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Head shot of Paul Simon playing the guitar superimposed on a close-up photo of a sheet music in the background

Paul Simon

I am grateful to be the recipient of the Gershwin Prize and doubly honored to be the first. I look forward to spending an evening in the company of artists I admire at the award ceremony in May. I can think of a few who have expressed my words and music far better than I. I’m excited at the prospect of that happening again. It’s a songwriter’s dream come true.
—Paul Simon


During his distinguished career, Paul Simon has received numerous honors, including 16 Grammy Awards--three for album of the year: “Bridge Over Troubled Water” in 1970 (with musical partner Art Garfunkel), “Still Crazy After All These Years” in 1976 and “Graceland” in 1986, which was also selected for the Library of Congress’ National Recording Registry.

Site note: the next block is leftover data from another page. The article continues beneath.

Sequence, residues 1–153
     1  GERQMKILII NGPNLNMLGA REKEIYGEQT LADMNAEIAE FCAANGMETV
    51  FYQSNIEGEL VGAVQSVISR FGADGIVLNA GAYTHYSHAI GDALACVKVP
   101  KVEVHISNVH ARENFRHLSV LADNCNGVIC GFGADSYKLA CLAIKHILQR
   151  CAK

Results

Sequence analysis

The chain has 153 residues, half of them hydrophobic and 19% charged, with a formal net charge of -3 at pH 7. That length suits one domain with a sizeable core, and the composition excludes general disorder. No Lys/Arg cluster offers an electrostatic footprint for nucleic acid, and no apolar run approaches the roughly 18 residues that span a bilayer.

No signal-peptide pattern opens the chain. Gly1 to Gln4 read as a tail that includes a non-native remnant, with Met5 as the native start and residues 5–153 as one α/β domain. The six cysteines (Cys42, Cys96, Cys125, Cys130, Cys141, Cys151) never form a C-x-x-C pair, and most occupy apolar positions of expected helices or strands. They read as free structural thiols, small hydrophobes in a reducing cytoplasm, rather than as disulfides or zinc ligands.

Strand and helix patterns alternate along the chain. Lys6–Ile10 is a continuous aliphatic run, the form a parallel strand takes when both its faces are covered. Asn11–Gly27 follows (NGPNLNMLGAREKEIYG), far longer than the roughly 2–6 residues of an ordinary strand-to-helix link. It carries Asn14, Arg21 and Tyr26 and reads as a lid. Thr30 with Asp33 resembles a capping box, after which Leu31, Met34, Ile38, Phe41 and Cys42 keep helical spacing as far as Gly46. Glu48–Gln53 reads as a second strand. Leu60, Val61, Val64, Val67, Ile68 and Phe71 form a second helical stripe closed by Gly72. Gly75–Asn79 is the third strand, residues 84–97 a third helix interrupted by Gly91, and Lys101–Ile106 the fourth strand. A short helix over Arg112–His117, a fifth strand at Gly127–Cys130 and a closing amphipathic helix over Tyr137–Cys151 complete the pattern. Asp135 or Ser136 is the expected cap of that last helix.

Simon is a two-time inductee into the Rock and Roll Hall of Fame: once as half of the Simon and Garfunkel duo and again in 2001 as a soloist. He is a member of the Songwriters Hall of Fame and a recipient of the prestigious Johnny Mercer Award. In 2002, he became a Kennedy Center Honoree, and in 2006 “Time Magazine” named Simon one of the “100 People Who Shaped the World.” Of Simon's many concert appearances, he is most fond of the two concerts in New York's Central Park (with Art Garfunkel in 1981 and as a solo artist in 1991), and the ground-breaking shows he performed at the invitation of Nelson Mandela in South Africa as the first American artist to perform there post-apartheid.

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